Food Cooperative connects producers and consumers
Last fall, a wonderful new cooperative venture began, called "Oklahoma Food." This non-profit marketing network matches up Oklahoma farmers and consumers. Available items include fresh vegetables, ranch meats grown without herbicides and pesticides, cheeses, jellies, salsas, nuts,
eggs from non-caged chickens and much more. Order monthly or bi-monthly directly from the farmers, and pick up your food a week later.
If you're tired of the "nutritionally challenged" food at chain supermarkets, try Oklahoma Food! Call 613-4688 or http://www.oklahomafood.org
Lia's Popular Salad
My most popular salad recipe! It puts to rest any notion that lettuce is just for rabbits. I have never seen anyone able to stop at just one helping of this salad.
Gently rinse and dry the greens. Soak dried tomatoes in very hot water for 10-15 minutes or until soft. Chop. Toast nuts in a dry skillet until just barely browned. Chop carrots. Crumple up feta. Toss greens together with salad dressing, then add other ingredients. Proceed directly to salad-eating heaven!
Lia's Growing Tips
This is my experience in growing lettuce here in Central Oklahoma.
As with most veggies, a fertile, loose soil is key. Add lots of compost, water it and wait a week or so for the weed seeds to germinate, then turn them into the soil with a trowel. Plant seed and just barely cover with fine soil or compost. Water daily until seedlings appear, then water every few days or weekly after that. Seed can be broadcast for "cut-and-come-again": cut leaves 1" above the ground when plants are still small. Add some more compost, water, and watch as the plant grows again for a 2nd or even 3rd harvest.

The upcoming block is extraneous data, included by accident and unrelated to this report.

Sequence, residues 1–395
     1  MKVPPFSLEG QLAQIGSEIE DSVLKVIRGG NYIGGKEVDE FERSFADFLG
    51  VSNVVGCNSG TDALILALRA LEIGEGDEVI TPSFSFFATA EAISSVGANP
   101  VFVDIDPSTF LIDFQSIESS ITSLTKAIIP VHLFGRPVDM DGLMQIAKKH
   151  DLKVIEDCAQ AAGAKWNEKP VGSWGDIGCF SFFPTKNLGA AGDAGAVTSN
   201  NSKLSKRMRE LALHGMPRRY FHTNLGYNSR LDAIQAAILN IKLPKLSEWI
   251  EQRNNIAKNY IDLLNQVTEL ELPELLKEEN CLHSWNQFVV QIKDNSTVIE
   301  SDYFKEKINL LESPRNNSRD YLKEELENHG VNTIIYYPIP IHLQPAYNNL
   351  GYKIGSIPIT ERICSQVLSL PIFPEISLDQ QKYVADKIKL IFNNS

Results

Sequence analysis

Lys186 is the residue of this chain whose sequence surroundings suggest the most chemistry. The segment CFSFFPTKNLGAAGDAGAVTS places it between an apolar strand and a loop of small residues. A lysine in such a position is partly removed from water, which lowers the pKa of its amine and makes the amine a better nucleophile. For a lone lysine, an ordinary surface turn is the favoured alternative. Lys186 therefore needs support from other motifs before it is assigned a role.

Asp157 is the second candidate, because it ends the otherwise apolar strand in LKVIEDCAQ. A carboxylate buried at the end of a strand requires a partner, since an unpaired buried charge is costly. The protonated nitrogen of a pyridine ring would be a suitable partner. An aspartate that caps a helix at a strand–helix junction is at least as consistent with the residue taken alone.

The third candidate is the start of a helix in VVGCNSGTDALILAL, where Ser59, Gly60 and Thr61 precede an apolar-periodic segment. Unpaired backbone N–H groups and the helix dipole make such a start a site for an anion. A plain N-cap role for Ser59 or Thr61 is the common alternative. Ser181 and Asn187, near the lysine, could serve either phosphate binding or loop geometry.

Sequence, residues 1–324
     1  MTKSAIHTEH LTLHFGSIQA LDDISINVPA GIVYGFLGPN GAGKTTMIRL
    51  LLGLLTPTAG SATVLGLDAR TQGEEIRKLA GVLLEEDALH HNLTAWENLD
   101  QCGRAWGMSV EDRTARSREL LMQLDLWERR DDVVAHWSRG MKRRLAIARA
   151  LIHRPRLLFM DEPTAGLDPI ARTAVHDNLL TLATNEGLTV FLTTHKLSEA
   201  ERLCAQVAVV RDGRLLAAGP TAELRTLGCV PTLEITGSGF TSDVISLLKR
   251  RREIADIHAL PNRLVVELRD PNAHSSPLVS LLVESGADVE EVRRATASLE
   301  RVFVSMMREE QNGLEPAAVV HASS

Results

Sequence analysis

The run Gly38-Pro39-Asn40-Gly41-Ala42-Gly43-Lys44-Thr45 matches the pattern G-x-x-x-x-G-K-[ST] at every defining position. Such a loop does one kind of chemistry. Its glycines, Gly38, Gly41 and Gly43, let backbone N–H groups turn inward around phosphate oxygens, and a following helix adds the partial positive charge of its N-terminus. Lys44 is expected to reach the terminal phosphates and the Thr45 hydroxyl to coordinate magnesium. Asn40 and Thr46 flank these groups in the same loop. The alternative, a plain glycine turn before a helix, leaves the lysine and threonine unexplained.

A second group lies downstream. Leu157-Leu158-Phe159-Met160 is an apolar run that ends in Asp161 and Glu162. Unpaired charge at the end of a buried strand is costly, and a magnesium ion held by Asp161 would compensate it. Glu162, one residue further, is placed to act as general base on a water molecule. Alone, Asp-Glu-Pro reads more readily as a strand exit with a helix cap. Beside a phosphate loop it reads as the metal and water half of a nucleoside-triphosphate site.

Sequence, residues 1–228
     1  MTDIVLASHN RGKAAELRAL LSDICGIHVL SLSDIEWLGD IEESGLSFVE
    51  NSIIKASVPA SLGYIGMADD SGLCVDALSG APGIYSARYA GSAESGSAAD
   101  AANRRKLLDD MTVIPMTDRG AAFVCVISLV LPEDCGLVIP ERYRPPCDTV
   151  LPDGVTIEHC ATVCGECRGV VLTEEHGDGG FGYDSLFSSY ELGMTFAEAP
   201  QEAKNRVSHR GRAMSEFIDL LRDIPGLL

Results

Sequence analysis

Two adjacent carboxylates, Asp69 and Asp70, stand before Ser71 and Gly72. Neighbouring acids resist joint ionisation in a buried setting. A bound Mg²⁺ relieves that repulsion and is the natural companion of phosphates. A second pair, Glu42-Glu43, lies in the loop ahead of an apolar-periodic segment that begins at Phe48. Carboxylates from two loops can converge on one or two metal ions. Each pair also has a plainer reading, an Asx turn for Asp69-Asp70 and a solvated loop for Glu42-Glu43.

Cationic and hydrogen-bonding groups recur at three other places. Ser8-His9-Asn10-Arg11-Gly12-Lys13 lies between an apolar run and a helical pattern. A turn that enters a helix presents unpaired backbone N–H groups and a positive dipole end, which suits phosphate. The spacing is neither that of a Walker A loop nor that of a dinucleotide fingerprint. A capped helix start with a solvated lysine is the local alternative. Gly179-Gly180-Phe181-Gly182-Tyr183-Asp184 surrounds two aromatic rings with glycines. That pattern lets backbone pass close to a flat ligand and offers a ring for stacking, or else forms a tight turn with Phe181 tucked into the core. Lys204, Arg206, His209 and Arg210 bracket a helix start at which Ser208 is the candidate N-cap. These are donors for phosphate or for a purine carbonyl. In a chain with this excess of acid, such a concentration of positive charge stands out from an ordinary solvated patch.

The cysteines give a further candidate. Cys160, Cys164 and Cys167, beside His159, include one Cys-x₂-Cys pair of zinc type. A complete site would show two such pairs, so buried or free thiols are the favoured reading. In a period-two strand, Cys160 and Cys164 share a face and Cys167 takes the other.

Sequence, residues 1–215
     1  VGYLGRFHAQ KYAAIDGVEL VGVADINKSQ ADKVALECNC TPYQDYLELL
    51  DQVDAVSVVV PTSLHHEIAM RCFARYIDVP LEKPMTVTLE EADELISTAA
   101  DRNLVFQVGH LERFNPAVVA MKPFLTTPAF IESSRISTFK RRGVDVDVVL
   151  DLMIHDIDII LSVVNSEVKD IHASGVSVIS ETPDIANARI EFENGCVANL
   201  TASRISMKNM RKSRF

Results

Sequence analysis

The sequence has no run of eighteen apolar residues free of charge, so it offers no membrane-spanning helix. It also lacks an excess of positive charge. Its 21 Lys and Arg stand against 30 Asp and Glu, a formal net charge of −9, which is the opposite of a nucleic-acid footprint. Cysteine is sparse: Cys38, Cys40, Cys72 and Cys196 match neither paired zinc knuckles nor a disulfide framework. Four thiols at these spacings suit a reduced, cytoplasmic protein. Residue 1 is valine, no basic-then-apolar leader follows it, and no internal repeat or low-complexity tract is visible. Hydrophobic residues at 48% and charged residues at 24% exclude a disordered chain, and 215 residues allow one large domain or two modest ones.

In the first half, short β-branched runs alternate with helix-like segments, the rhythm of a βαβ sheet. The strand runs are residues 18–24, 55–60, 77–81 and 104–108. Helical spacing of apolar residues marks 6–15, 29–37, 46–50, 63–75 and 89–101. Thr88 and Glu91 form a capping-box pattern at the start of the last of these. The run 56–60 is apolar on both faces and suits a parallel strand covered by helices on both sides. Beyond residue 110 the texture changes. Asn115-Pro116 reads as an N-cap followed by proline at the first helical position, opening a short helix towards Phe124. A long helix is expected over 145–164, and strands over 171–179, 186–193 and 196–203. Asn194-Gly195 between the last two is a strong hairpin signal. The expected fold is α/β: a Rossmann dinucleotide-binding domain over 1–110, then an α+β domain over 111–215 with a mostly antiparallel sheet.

Lettuce can also be started in flats and transplanted out. This is especially good for growing full size heads, or when the soil temperature outside is too warm (lettuce germinates poorly when soil is over 75 degrees.)
I begin planting lettuce in February under solar cones or cold frames, and continue planting small patches every 2-3 weeks after that. By late March, the first batch is ready for harvest. My last spring planting is in May, for a June crop of baby greens. Lettuce prefers cool weather, and will get bitter and go to seed during our hot summers.
In September, as soon as the drought and heat ease, I'll begin planting again every few weeks until late fall. As the weather cools, lettuce will gradually harden off. Also, with the shorter daylight hours, lettuce grows much more slowly. By providing it with some kind of protection (i.e. solar cones, reemay "garden cloth", or a cold frame), we can harvest lettuce for most of the winter. The red lettuces seem particularly hardy. If temps drop to the teens and below, we'll harvest the rest of the crop and then rely on hardier winter greens such as spinach, mizuna and mache to keep our winter salad bowl full.
Lettuce, along with the sunflower, artichoke and daisy, is a member of the far-ranging compositae family. All share the characteristic of producing flowers on a seed stalk that grows from the center of the plant. Lettuce is an easy plant with which to venture into the world of seed-saving. As the weather gets hot, the plant will bolt (go to seed); a stalk begins growing at the center of the head and will eventually form tiny flowers. When the seeds become dry, top the plant with a paper sack, hold tight around the stem, and shake vigorously. Much of what you get will be seed chaff; remove if desired by shaking seed thru a fine mesh screen. Store lettuce seed in a cool, dry, dark place for up to 3 years.